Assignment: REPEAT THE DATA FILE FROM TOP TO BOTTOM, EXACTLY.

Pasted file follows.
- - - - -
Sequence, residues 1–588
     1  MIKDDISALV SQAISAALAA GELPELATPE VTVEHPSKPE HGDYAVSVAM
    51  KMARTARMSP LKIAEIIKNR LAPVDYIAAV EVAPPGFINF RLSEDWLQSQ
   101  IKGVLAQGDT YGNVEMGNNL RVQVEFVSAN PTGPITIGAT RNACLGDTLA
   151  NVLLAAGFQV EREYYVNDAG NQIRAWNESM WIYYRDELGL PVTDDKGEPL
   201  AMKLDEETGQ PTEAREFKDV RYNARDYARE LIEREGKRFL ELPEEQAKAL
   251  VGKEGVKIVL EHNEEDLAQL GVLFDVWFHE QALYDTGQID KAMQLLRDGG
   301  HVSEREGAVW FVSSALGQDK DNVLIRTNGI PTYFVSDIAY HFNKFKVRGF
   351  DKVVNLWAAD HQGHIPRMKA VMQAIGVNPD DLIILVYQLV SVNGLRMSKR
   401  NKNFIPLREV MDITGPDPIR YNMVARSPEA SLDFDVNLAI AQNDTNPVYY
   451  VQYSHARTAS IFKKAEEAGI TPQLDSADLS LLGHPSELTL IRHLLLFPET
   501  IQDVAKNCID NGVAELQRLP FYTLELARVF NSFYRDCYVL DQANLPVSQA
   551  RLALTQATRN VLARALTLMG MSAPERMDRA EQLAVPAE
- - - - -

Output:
Sequence, residues 1–588
     1  MIKDDISALV SQAISAALAA GELPELATPE VTVEHPSKPE HGDYAVSVAM
    51  KMARTARMSP LKIAEIIKNR LAPVDYIAAV EVAPPGFINF RLSEDWLQSQ
   101  IKGVLAQGDT YGNVEMGNNL RVQVEFVSAN PTGPITIGAT RNACLGDTLA
   151  NVLLAAGFQV EREYYVNDAG NQIRAWNESM WIYYRDELGL PVTDDKGEPL
   201  AMKLDEETGQ PTEAREFKDV RYNARDYARE LIEREGKRFL ELPEEQAKAL
   251  VGKEGVKIVL EHNEEDLAQL GVLFDVWFHE QALYDTGQID KAMQLLRDGG
   301  HVSEREGAVW FVSSALGQDK DNVLIRTNGI PTYFVSDIAY HFNKFKVRGF
   351  DKVVNLWAAD HQGHIPRMKA VMQAIGVNPD DLIILVYQLV SVNGLRMSKR
   401  NKNFIPLREV MDITGPDPIR YNMVARSPEA SLDFDVNLAI AQNDTNPVYY
   451  VQYSHARTAS IFKKAEEAGI TPQLDSADLS LLGHPSELTL IRHLLLFPET
   501  IQDVAKNCID NGVAELQRLP FYTLELARVF NSFYRDCYVL DQANLPVSQA
   551  RLALTQATRN VLARALTLMG MSAPERMDRA EQLAVPAE